14. A.J. Cole, RHP, Washington Nationals

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    Current level: High-A, Carolina League

    Veteran right-hander Dan Haren is back from the disabled list...just in time to take Ross Detwiler's spot. The Washington Nationals were hoping to have their No. 4 and No. 5 starters healthy at the same time, but Adam Kilgore of the Washington Post reports that Detwiler will rest his lower back through the All-Star break.

    A surging offense is fueling Washington's rise in the NL East standings. It's still unclear, however, whether or not the team has the rotation depth to leapfrog the Atlanta Braves by summer's end.

    According to Kilgore, the Nats have at least "started casting a net for possible trades," and a major league source says that red-hot Matt Garza is a possibility.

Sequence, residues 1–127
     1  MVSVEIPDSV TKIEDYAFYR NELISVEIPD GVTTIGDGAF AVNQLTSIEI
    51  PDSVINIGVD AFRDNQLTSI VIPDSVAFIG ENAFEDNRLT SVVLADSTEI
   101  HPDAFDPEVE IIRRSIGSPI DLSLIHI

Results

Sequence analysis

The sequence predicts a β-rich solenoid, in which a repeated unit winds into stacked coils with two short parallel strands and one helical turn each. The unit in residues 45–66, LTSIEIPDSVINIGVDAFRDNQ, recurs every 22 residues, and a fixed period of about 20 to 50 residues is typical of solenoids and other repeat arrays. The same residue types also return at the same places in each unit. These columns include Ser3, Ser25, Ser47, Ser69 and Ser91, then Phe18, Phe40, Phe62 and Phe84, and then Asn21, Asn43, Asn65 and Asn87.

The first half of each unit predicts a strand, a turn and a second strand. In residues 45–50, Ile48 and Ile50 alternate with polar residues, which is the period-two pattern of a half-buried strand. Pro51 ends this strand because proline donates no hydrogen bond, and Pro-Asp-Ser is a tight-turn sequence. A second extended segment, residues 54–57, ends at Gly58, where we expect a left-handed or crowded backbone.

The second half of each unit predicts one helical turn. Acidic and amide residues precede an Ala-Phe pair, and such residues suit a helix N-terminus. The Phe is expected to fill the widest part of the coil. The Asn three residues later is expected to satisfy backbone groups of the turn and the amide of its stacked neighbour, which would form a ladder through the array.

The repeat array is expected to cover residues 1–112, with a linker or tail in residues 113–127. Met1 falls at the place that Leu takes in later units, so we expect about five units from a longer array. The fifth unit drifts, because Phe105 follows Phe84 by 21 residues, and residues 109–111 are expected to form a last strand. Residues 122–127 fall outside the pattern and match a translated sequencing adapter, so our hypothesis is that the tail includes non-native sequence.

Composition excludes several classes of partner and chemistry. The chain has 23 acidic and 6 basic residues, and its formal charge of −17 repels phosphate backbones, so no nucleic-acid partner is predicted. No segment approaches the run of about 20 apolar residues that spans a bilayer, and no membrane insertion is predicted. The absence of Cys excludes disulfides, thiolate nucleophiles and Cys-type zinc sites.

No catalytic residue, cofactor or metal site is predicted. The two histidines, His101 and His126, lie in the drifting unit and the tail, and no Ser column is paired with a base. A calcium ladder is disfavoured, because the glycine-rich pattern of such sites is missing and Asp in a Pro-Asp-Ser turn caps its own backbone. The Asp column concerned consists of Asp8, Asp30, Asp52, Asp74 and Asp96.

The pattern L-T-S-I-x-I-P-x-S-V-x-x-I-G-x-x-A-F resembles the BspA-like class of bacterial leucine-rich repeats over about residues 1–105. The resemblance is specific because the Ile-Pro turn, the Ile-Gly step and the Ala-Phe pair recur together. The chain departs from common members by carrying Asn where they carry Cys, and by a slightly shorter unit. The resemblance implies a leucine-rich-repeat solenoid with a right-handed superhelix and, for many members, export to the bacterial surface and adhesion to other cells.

The franchise can shop several desirable pitchers it's stocked up in the middle levels of the minors. Among the healthy options, A.J. Cole has the brightest future. 

    The off-speed stuff remains very ordinary, but his fastball touches 96 mph. Cole has amassed 340 strikeouts in 312 minor league innings with a solid 2.2 BB/9.

13. Joc Pederson, OF, Los Angeles Dodgers

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    Current level: Double-A, Southern League

    The Los Angeles Dodgers have already attempted to upgrade their sub-.500 team with the acquisition of Ricky Nolasco.

    Still, they'll gladly absorb more expensive, expiring contracts if there's a reasonable fit.

    Southern California native Chase Utley has annihilated the Dodgers over the years. He boasts a gaudy .328/.399/.635 batting line in 34 career games at Dodger Stadium, not to mention a 1.618 OPS from a four-game series earlier this summer.

    CBS Sports insider Danny Knobler reports that Philadelphia Phillies general manager Ruben Amaro Jr. views Utley as "an iconic player." He would be reluctant to shop the second baseman, despite his team's mediocrity.